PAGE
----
Japan’s GPIF and the next 100 years

Mt. fuji and cherry blossom at lake kawaguchikoMt. fuji and cherry blossom at lake kawaguchiko

The $1.3 trillion Government Pension Investment Fund of Japan has a 100-year timeframe but that doesn’t mean all of its assets are long term.

“We are happy for active managers to trade on a short-term cycle, and passive managers to focus on sustainability over the long term of the company,” executive managing director and chief investment officer, Hiromichi Mizuno says.

“You can’t force all investors to have the same horizon. If as a whole it works, I am happy. I agree the sum of investors as a whole have a long term perspective, but you can’t dictate that all investors behave the same way.”

The GPIF is managed externally and around 20 per cent of the portfolio is managed by active managers and 80 per cent passive.

“The direction we are trying to make clear is that active and passive managers can have different roles and different time horizons,” Mizuno says.

“We are encouraging passive managers to engage with companies with a long time horizon in mind. On the other hand, if active managers say they think three months is the best timeframe to produce alpha then I won’t discourage it. The mismatch might be difficult to manage but we are trying to make the rules as clear as possible.”

This month the GPIF established a new division in its public market investment department, called “stewardship and ESG”.

Its investment principles outline that the fund will continue to maximise medium- to long-term equity investment returns for the benefit of pension beneficiaries by fulfilling stewardship responsibilities. And it believes that it is appropriate and essential for GPIF as a pension fund to increase long-term investment returns for pension beneficiaries by fostering sustainable growth and worth of companies in which it invests.

The fund accepted Japan’s Stewardship Code in May 2014 and became a signatory of PRI (principles for responsible investment) in September 2015.

Mizuno’s comments were made as part of a panel discussion at the PRI in Person conference in Singapore last month. Mizuno is a member of PRI asset owner advisory committee.

Commenting on climate risk and fiduciary duty, he said that “I don’t see a point in beneficiaries getting a full pension but they can’t step outside”.

The fund is looking at how to interpret this into daily investment activities, including looking at a proposal for environmental, social and governance (ESG) indices.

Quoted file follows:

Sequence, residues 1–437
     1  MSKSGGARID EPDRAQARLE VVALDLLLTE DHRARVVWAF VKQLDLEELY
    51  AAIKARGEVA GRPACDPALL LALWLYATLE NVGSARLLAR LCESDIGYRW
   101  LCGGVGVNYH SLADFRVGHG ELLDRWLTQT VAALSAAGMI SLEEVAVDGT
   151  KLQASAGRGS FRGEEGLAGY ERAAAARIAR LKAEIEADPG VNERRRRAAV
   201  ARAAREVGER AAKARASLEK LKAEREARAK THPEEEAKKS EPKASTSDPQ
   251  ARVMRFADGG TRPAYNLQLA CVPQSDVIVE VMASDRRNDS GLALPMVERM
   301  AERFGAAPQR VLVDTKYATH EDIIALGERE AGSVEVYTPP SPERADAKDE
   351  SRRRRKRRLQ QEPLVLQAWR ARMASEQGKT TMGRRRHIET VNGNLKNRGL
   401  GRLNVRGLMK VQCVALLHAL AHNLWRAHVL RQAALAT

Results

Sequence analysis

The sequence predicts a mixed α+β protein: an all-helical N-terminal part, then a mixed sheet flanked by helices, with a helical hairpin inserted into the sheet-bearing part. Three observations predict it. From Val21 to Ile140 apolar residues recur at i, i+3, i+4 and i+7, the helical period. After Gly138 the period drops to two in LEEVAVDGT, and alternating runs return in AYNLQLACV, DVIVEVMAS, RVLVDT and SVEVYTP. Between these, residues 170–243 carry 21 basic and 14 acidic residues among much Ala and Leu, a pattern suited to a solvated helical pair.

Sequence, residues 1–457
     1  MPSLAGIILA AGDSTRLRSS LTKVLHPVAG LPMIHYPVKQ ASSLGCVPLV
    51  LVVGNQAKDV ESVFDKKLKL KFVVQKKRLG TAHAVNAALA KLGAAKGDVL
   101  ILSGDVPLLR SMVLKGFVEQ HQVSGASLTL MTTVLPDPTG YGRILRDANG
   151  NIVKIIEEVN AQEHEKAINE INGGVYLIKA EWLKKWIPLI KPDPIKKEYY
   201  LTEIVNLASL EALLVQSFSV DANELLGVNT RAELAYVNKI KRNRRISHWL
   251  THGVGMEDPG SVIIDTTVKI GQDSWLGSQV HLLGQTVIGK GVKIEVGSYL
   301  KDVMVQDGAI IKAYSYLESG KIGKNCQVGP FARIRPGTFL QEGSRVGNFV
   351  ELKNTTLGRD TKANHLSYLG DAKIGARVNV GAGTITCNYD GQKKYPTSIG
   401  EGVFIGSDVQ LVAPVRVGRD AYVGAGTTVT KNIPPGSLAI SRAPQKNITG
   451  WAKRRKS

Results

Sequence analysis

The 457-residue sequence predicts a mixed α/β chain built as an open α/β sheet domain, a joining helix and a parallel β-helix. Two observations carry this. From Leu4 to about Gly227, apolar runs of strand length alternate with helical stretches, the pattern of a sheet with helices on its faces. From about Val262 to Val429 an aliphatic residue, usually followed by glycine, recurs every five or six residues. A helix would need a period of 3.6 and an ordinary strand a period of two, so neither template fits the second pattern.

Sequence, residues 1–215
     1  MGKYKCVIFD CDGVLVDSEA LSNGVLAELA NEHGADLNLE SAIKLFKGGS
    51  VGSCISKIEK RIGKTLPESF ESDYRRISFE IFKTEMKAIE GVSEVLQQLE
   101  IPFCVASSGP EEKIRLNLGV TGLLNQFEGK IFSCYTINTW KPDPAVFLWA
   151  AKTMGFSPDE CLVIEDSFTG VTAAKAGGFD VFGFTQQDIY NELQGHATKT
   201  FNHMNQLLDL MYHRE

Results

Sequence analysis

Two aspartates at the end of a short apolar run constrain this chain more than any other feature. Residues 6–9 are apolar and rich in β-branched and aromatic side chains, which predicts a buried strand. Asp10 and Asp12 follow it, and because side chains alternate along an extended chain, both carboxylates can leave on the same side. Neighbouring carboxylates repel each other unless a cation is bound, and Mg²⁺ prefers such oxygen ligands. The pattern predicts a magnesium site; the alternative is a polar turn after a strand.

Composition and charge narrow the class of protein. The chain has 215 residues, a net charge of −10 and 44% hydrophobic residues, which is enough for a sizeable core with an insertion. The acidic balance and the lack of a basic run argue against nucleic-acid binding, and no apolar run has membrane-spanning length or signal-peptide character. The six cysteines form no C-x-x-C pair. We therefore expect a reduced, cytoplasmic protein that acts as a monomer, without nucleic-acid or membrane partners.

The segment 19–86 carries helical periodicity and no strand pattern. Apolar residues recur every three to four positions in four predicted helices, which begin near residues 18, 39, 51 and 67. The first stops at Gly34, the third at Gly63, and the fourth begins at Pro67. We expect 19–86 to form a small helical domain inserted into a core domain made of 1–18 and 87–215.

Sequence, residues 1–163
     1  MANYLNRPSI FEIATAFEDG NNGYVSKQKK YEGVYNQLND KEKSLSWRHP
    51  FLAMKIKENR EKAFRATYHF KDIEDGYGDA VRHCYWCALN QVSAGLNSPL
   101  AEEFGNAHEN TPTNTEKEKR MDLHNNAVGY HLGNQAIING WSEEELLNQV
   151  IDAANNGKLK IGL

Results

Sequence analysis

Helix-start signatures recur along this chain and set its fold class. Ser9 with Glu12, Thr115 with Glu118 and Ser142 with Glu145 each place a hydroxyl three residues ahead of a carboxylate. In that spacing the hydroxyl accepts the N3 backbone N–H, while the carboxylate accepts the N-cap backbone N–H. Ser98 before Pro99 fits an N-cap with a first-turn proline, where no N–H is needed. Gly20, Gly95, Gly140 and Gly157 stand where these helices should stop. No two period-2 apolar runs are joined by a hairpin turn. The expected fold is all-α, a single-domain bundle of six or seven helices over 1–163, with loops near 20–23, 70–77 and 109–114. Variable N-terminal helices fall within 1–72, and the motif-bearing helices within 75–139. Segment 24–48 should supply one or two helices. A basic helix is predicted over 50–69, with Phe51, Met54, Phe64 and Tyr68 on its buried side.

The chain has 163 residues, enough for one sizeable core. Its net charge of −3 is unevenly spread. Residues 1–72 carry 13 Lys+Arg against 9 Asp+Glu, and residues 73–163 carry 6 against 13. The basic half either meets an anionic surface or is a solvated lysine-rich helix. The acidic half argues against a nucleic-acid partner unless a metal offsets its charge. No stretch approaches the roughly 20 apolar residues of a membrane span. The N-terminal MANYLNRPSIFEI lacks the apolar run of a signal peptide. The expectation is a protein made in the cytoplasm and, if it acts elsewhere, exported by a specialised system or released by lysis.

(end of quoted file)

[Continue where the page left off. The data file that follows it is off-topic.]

“Climate change is a long-term issue but we need to take it into our daily investment practice, ESG indices/positive screen companies is one way to do that.”

Bold proposition

To overcome the problems associated with short term reporting, Mizuno made a bold proposition to the audience.

“I propose that every asset owner only reports 50-year rolling performance number,” he said.

The session, which was chaired by the chair of PRI, Martin Skancke, also heard about the challenges of reporting long-term numbers.

Paul Smith, chief executive of the CFA Institute, says keeping focused on the long term is hard.

“With a 100-year time horizon you’re not around to reap the benefit, so behaviourally it is difficult, but also hard from a metric point of view. Also difficult where there’s a trust issue in the industry, hard to conduct long term investing in that environment,” he says.

Scancke says the Norwegian Sovereign Wealth Fund’s working definition of long-term is the capacity to hold an asset and not be forced to sell it; the ability to be contrarian and can sell or buy and rebalance when others aren’t.

Smith says the problem the industry is trying to resolve is that ESG issues, especially the environment, require a long-term focus.

“As the joke runs, the long-term is a series of short-term events, not as simple as saying the long-term is good and the short-term is bad, but about needs; finance industry structure needs to change to fit those needs,” he says.

“If we believe those challenges exist, then how do we enable that to happen?”

Chief finance and chief risk officer of APG, Angelien Kemna, says that APG and PPGM have collaborated on metrics to measure sustainability impact and keep returns focused first.



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